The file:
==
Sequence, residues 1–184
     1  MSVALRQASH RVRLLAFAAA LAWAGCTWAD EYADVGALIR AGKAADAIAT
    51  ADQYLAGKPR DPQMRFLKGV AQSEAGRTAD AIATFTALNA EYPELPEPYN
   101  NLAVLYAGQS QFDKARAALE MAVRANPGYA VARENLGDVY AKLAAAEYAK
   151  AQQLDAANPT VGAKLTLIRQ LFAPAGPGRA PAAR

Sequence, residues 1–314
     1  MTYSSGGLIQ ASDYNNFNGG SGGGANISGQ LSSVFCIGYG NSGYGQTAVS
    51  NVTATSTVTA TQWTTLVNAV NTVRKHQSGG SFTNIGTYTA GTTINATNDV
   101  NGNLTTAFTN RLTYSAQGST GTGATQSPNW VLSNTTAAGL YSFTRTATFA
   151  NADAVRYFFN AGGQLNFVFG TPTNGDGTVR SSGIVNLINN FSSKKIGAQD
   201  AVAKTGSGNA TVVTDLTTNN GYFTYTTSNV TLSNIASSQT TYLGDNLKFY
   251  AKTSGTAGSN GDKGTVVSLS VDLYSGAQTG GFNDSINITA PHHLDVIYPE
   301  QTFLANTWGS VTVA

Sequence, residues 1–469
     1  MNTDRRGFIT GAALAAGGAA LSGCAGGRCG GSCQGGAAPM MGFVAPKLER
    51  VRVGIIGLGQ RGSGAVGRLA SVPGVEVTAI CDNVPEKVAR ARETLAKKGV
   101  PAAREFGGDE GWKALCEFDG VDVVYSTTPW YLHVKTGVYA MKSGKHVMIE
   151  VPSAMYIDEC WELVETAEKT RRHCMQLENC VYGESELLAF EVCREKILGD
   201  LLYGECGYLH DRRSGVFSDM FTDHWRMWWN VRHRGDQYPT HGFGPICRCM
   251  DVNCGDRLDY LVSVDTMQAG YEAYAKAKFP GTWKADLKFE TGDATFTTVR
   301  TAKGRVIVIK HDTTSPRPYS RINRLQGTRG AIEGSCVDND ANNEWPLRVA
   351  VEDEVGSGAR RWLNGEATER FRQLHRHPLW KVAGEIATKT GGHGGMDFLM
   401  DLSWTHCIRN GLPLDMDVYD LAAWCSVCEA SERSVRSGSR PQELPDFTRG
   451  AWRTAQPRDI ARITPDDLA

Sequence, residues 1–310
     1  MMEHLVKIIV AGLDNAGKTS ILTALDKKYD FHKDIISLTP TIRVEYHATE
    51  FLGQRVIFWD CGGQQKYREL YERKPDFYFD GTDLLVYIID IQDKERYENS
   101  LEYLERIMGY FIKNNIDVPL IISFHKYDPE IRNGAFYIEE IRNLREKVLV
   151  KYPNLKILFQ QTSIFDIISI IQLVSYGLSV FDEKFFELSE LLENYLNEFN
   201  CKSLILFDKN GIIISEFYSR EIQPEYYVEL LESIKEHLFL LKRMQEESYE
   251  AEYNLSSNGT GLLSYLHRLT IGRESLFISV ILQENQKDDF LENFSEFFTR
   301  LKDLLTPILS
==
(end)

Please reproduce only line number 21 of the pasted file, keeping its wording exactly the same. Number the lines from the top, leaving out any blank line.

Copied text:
   301  TAKGRVIVIK HDTTSPRPYS RINRLQGTRG AIEGSCVDND ANNEWPLRVA